13. There are 4 criteria to meet in order to be considered Medicare “qualifying” trial: • The trial must have therapeutic intent. It cannot be designed to exclusively test toxicity or disease pathology. • Trials of therapeutic intervention must enroll people with diagnosed disease; and if healthy controls are enrolled, they must be assigned to a proper control group. • The purpose of the trial must be evaluation of an item or service that falls within a Medicare Benefit category and is not statutorily excluded from coverage (i.e. Medicare does not cover cosmetic surgery). 4.The clinical trial must be determined to meet the 7 desirable characteristics or “deemed” to meet the characteristics. Please note: The trial must meet all 4 of these criteria to be considered “qualifying”. 13

  14. The 7 desirable characteristics needed to be considered Medicare “qualifying” trial: • The principal purpose of the trial is to test whether the intervention potentially improves the participants’ health outcomes. • The trial is well-supported by available scientific and medical information or it is intended to clarify or establish the health outcomes of interventions already in common clinical use; • The trial does not unjustifiably duplicate existing studies; • The trial design is appropriate to answer the research question being asked in the trial; • The trial is sponsored by a credible organization or individual capable of executing the proposed trial successfully; • The trial is in compliance with Federal regulations relating to the protection of human subjects; and 7. All aspects of the trial are conducted according to the appropriate standards of scientific integrity. 14

  15. A trial is considered “deemed” to meet the 7 desirable characteristics by Medicare if it meets at least one of the following criteria: • 1. Funded by NIH, CDC, AHRQ, CMS, DOD, or the VA. • 2.Supported by centers or cooperative groups that are funded by the NIH, • CDC, AHRQ, CMS, DOD, or the VA. (If the trial is not funded by one of these agencies, but is conducted by a center that is part of a cooperative group or receives funding from one of these agencies to conduct research, it still may be considered to be ‘deemed’. CMS assumes these centers will hold their non-funded trials to the same qualities as trials funded by one of these agencies.) • An investigational drug trial conducted under an IND. • A drug trial exempt from an IND under 21 CFR 312.2 (b)(1). • If you are conducting a trial that is not deemed to meet the 7 desirable characteristics, the local Medicare contractor may need to be contacted prior to billing them for the routine costs associated with the trial. 15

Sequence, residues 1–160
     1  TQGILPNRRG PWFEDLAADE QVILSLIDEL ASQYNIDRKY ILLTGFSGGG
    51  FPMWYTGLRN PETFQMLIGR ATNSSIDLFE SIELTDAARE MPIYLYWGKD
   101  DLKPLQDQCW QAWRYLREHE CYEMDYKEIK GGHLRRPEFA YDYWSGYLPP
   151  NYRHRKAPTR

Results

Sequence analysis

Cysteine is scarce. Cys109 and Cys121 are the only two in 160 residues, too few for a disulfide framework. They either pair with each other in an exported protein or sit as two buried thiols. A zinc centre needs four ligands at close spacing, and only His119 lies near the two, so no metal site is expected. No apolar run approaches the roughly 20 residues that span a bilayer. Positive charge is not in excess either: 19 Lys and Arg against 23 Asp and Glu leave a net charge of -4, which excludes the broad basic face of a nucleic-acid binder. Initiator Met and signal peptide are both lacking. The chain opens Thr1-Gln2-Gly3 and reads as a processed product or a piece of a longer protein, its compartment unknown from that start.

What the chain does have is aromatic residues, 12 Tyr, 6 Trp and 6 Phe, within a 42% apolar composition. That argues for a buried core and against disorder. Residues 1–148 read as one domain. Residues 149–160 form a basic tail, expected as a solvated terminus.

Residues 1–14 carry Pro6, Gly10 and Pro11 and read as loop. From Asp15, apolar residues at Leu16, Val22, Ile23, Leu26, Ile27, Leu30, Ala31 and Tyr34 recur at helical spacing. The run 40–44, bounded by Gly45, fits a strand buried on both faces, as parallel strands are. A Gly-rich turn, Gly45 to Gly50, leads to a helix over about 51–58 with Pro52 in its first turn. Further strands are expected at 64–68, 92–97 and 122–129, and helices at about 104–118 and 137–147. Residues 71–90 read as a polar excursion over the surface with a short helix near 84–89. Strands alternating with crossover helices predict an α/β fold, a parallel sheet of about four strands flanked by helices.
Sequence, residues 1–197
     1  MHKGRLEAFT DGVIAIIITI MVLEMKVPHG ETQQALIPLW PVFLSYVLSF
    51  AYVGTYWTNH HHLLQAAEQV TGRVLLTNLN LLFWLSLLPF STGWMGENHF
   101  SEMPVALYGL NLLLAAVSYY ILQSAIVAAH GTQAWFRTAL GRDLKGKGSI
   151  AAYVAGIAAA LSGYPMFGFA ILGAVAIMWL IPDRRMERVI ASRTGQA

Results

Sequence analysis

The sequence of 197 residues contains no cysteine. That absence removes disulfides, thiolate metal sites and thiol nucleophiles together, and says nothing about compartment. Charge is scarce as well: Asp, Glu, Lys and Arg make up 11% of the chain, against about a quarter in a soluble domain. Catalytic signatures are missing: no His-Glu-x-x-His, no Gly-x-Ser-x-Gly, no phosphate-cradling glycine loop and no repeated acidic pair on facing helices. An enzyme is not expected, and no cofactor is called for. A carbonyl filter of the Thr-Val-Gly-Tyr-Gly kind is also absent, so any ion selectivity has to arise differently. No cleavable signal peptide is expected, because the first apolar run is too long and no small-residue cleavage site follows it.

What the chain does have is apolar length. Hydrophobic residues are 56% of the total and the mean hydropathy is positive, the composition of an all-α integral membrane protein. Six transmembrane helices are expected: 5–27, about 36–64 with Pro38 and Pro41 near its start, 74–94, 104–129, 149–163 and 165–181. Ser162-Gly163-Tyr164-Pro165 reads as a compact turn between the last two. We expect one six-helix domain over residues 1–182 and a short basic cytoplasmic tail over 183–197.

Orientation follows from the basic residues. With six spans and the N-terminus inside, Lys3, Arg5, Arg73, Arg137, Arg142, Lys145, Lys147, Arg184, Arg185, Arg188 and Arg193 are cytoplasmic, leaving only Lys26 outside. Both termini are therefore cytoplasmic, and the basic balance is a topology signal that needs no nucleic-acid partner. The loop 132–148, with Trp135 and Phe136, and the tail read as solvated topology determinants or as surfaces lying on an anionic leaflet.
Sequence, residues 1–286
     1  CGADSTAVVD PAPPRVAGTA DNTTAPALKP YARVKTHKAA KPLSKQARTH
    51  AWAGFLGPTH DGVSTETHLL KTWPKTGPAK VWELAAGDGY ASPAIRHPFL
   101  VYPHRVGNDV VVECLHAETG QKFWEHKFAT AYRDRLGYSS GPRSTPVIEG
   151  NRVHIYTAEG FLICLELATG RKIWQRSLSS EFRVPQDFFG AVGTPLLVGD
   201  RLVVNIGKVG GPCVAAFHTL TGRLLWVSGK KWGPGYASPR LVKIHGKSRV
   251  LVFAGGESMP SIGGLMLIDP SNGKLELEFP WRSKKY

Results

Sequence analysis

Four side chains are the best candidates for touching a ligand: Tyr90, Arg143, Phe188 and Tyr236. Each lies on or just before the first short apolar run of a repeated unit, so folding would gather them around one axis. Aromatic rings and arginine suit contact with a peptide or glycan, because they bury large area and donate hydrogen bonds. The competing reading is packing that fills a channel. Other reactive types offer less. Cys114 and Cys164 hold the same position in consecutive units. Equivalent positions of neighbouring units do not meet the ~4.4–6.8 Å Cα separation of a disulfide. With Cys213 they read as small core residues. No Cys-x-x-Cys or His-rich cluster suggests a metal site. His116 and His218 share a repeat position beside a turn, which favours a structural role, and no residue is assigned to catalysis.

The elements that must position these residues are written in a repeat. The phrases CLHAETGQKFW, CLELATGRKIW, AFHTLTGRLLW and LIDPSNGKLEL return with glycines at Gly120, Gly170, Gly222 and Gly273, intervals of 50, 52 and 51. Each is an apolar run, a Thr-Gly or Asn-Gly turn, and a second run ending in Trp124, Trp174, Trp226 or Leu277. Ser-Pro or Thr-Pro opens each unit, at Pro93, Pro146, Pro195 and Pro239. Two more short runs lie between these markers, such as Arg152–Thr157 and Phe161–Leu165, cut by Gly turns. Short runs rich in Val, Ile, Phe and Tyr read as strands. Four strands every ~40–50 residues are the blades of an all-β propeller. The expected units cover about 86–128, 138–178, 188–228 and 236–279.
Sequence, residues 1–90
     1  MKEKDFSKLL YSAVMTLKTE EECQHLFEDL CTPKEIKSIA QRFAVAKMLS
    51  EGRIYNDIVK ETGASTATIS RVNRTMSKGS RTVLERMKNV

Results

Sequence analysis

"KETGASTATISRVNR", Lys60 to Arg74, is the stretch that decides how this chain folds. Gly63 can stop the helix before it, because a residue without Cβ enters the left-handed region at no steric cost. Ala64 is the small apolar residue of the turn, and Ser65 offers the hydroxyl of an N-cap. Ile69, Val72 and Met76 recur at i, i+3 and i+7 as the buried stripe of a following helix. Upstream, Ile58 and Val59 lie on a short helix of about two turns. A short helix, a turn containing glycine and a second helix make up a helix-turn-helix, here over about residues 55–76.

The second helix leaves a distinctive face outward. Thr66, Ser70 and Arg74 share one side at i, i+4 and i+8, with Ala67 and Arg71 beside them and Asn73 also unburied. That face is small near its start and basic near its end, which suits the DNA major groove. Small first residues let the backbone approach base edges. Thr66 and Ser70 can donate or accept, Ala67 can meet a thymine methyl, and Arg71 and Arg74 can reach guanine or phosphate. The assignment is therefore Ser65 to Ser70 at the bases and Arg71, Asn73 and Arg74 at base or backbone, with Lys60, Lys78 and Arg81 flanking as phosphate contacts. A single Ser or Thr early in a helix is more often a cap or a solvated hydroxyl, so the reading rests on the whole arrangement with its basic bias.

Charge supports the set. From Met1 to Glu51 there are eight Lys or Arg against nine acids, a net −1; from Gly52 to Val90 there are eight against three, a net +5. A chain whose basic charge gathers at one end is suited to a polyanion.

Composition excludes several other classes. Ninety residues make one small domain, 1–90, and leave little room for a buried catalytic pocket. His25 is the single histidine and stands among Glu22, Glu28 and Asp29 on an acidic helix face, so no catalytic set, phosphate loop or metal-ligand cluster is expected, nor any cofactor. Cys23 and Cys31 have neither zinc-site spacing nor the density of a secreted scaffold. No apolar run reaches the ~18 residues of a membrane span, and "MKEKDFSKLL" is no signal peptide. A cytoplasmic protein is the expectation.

16. Want help in determining if your study is ‘Qualifying”? There are several worksheets located on the Yale Medical Billing Compliance Website: http://ycci.yale.edu/comply/index.aspx Click: “Qualifying Trial” 14

  17. What is NOT covered by the Medicare Clinical Trial policy? 1. Investigational item or service itself (examples: many investigational drugs, devices and diagnostic tests), unless otherwise covered outside of the clinical trial. • Items and services provided solely for the purposes of determining eligibility and not related to medically necessary clinical care. • Items and services statutorily excluded under Medicare (example: cosmetic surgery). 4. Items and Services provided solely to satisfy data collection and analysis needs and not necessary for clinical management (example: Monthly CT scans for a condition usually requiring only a single scan). 5. Items and services provided by the research sponsors free of charge. 17

  18. Types of trials not meeting Medicare’s “qualifying” trial criteria • Example #1: An investigational drug trial that will only give the drug to healthy volunteers to test for drug toxicity. • Example #2: A diagnostic intervention study being performed in patients with disease, but not sponsored by one of the “deemed” agencies. The Medicare Coverage Office at Yale Center for Clinical Investigation (YCCI) should be contacted for guidance when a clinical trial does not meet the qualifying criteria and there are routine costs required under the trial. 18

  19. Other Medicare Qualifying Trial Facts • the patient’s medical record must have the trial name, sponsor, and protocol number • coverage extends to reasonable and necessary care arising from complications of a study • the Economic Consideration section of the consent must clearly denote what the sponsor is paying for and the patient’s obligation 19

  20. It is important that the protocol, budget and informed consent are consistent in regards to the financial obligations in the study. The services that will be provided should be clearly spelled out along with who is paying for them. Language such as “the sponsor will pay if the patient’s insurance does not” is NOT acceptable. The next 4 slides cover device studies. If you don’t do device studies, please click here. 18

  21. Investigational Device Studies • Medicare may pay for the costs of Category B devices under an IDE. • Category B devices are generally a newer generation of a proven technology. These devices may be a refinements of existing technology or a replication of existing technology made by other manufacturers. • The sponsor should provide the category of device to the PI. • Category B devices may or may not be covered Medicare depending upon the local Medicare contractor. 21